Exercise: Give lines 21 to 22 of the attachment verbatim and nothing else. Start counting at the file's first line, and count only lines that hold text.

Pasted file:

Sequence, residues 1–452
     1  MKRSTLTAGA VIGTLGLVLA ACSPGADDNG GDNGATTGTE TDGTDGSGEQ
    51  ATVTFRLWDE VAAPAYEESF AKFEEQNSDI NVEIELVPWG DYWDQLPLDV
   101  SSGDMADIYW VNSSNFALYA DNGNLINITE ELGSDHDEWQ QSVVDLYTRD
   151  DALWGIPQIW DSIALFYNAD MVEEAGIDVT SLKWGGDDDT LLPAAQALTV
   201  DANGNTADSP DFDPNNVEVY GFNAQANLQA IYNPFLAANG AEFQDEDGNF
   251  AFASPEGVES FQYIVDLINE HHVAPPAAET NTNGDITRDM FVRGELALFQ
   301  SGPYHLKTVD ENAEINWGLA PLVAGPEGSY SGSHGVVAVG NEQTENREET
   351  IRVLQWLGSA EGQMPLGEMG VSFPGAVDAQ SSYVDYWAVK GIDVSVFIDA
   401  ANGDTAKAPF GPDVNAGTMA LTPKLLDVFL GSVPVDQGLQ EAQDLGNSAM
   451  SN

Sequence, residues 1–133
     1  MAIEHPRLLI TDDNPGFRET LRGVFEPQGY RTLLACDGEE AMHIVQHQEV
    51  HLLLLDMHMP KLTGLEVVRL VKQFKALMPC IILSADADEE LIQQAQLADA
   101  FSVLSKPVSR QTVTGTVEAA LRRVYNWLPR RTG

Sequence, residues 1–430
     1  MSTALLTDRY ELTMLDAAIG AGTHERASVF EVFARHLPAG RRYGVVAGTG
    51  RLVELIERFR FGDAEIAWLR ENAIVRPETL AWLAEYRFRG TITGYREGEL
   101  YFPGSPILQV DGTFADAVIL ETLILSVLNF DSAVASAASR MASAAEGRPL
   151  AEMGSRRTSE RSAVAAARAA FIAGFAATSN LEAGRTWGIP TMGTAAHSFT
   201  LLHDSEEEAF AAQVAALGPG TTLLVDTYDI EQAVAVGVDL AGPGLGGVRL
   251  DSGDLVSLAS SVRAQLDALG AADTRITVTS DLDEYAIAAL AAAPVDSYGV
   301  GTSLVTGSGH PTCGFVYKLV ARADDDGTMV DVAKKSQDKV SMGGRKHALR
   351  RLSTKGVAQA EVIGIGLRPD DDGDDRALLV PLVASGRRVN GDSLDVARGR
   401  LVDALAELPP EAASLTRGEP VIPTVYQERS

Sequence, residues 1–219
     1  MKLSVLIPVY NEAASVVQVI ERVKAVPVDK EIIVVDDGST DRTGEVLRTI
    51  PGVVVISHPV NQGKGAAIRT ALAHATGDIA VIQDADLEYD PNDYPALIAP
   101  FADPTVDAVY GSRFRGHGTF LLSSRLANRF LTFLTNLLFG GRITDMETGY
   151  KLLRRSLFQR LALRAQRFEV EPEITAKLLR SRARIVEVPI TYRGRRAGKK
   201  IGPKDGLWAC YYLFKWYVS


   201  LLHDSEEEAF AAQVAALGPG TTLLVDTYDI EQAVAVGVDL AGPGLGGVRL
   251  DSGDLVSLAS SVRAQLDALG AADTRITVTS DLDEYAIAAL AAAPVDSYGV